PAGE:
Let’s take a trip into the past. It’s 1931 and Richard Harvey Wright has died. His two nephews, Richard Harvey Jr. and Thomas Davenport were running the Wright’s Automatic Machinery Company. They decided to move the manufacturing company to Durham where they purchased the Yarborough Hosiery Mills Building for $12,000. Given it was in the Great Depression, they took advantage of the low price and began building their first machine, a machine that made tea bags.
Their client, Willoughby McCormick demonstrated the machine that made tea bags at the 1933 World’s Fair in Chicago. During the 1930’s the company expanded to produce machines that packaged tobacco, food, liquor and hosiery.
Then in the early 40’s Wright’s Automatic Machinery Company pursued northeastern corporations for defense contracts. So in 1941, the Defense Plant Corporation erected a new building for the use of creating machines for the war. The building is two stories tall and 106,000 square feet. Given it was built by the government, Wright Automatic Machinery Company leased the building from the government and began manufacturing war supplies on Easter weekend of 1942.
Wright’s Machinery continued until the 1980’s where it built components for several of the NASA projects. It went into partnership with the Sperry Rand Corporation who had been working on a design for a mechanical arm used on the Space Shuttle.
Today, the building is on the National Register of Historic Places and is owned by Donald Yarboro. A large part of the building is used as a police substation and the other part is used to warehouse equipment for the VA. A couple of days ago, my husband and I met Donald over at 921 Holloway Street for a tour. And I must admit, I felt like I was stepping back in time.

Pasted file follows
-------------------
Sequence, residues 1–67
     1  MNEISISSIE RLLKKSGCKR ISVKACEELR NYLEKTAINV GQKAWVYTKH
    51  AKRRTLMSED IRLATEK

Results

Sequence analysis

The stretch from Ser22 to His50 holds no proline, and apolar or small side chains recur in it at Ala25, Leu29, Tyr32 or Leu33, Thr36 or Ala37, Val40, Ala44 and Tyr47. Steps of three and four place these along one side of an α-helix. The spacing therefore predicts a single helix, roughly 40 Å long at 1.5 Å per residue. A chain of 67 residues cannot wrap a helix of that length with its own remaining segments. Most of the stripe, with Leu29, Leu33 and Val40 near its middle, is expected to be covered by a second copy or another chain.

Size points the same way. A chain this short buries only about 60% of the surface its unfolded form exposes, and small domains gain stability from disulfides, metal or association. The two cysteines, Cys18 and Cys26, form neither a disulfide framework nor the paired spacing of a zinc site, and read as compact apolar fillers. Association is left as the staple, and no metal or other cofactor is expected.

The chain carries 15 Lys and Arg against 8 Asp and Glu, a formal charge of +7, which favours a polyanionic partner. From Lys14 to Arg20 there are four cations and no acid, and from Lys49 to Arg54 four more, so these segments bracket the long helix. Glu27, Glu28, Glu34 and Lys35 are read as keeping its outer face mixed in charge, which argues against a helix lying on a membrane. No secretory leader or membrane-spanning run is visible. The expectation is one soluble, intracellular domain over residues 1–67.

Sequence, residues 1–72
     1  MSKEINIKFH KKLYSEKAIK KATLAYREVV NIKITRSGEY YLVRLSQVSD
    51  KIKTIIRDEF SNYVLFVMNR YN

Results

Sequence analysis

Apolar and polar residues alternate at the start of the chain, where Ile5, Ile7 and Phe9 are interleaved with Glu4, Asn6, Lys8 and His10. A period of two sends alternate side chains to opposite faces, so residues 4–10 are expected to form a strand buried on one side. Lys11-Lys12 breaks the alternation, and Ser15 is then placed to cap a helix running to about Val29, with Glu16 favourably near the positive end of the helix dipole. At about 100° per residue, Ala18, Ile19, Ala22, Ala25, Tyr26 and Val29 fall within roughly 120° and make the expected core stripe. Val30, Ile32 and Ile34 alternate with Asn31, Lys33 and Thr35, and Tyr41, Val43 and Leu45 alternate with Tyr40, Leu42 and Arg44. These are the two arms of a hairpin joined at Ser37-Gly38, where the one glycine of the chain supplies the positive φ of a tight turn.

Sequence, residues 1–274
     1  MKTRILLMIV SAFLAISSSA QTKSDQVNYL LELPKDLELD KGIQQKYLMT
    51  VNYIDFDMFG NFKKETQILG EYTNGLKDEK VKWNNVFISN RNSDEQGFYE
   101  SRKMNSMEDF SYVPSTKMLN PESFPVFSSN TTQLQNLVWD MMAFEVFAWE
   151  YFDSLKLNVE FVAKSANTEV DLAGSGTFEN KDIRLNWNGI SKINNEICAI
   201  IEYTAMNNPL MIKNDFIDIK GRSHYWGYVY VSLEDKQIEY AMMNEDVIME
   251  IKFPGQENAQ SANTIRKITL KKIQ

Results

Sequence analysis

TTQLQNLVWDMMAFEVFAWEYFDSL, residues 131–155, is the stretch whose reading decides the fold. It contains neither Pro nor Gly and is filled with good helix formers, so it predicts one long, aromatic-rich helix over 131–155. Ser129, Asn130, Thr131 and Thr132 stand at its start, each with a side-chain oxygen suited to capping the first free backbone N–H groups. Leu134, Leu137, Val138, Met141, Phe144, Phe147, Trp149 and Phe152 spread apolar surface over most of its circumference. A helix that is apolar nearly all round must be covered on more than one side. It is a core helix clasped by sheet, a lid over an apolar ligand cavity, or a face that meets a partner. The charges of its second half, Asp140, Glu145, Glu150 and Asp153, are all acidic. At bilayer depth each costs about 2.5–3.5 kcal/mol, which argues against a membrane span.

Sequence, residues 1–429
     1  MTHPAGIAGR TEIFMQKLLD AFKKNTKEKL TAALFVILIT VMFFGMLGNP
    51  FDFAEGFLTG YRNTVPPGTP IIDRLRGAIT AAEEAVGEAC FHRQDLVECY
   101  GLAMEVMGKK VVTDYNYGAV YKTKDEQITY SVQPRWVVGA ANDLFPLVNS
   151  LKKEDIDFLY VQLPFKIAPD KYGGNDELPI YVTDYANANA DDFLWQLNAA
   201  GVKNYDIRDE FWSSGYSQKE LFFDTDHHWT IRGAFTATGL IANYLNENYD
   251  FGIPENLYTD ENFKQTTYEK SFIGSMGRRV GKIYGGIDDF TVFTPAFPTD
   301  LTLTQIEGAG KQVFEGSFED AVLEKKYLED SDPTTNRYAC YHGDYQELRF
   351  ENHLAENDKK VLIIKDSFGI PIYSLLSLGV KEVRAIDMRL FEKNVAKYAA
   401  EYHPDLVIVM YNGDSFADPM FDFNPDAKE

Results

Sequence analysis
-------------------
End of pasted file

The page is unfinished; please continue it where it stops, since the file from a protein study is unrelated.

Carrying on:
As we got ready to leave, I spotted an old 1941 sedan in the parking lot. Donald told us how the automobile industry had stopped making vehicles in 1942 until the war was over. He had the Wright Machinery Logo painted on the side as a reminder of the time period when the machinery company was at its peak.
It was so cool to visit this building and realize how my grandfather and his brother continued Richard Harvey Wright’s dream of creating machines. I know he would’ve been ecstatic to know what he started in 1893 as cigarette packaging machine ultimately took people into space.
My new historical fiction book, A Story of Durham, is scheduled to release in September 2023!
For the past two years, I have been researching and writing about my grandfather’s uncle, Richard Harvey Wright. When I began my search, I knew very little about this man except that he was one of the founding fathers of Durham, North Carolina. But what I discovered was a story of passion, love, and a determination to succeed with no boundaries. My new book, A Story of Durham: Told the Wright Way, will cause you to reflect on your own history and hopefully create in you a desire to study your past to understand your presence.
Read the first chapter and stay tuned for more updates!